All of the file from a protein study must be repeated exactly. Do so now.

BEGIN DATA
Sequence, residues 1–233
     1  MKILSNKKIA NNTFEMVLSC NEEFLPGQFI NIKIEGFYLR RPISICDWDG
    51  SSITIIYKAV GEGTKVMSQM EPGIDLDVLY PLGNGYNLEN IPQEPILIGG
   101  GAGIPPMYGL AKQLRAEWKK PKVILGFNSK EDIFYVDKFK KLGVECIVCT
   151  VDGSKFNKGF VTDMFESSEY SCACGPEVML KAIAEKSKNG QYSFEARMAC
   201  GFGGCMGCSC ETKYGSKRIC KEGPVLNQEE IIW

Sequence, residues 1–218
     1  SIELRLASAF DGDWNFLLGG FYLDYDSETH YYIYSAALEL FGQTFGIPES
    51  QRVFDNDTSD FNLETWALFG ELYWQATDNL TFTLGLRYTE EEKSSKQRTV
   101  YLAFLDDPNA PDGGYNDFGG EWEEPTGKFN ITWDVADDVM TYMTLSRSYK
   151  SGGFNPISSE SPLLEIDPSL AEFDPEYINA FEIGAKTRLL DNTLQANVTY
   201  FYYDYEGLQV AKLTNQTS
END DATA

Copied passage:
Sequence, residues 1–233
     1  MKILSNKKIA NNTFEMVLSC NEEFLPGQFI NIKIEGFYLR RPISICDWDG
    51  SSITIIYKAV GEGTKVMSQM EPGIDLDVLY PLGNGYNLEN IPQEPILIGG
   101  GAGIPPMYGL AKQLRAEWKK PKVILGFNSK EDIFYVDKFK KLGVECIVCT
   151  VDGSKFNKGF VTDMFESSEY SCACGPEVML KAIAEKSKNG QYSFEARMAC
   201  GFGGCMGCSC ETKYGSKRIC KEGPVLNQEE IIW

Sequence, residues 1–218
     1  SIELRLASAF DGDWNFLLGG FYLDYDSETH YYIYSAALEL FGQTFGIPES
    51  QRVFDNDTSD FNLETWALFG ELYWQATDNL TFTLGLRYTE EEKSSKQRTV
   101  YLAFLDDPNA PDGGYNDFGG EWEEPTGKFN ITWDVADDVM TYMTLSRSYK
   151  SGGFNPISSE SPLLEIDPSL AEFDPEYINA FEIGAKTRLL DNTLQANVTY
   201  FYYDYEGLQV AKLTNQTS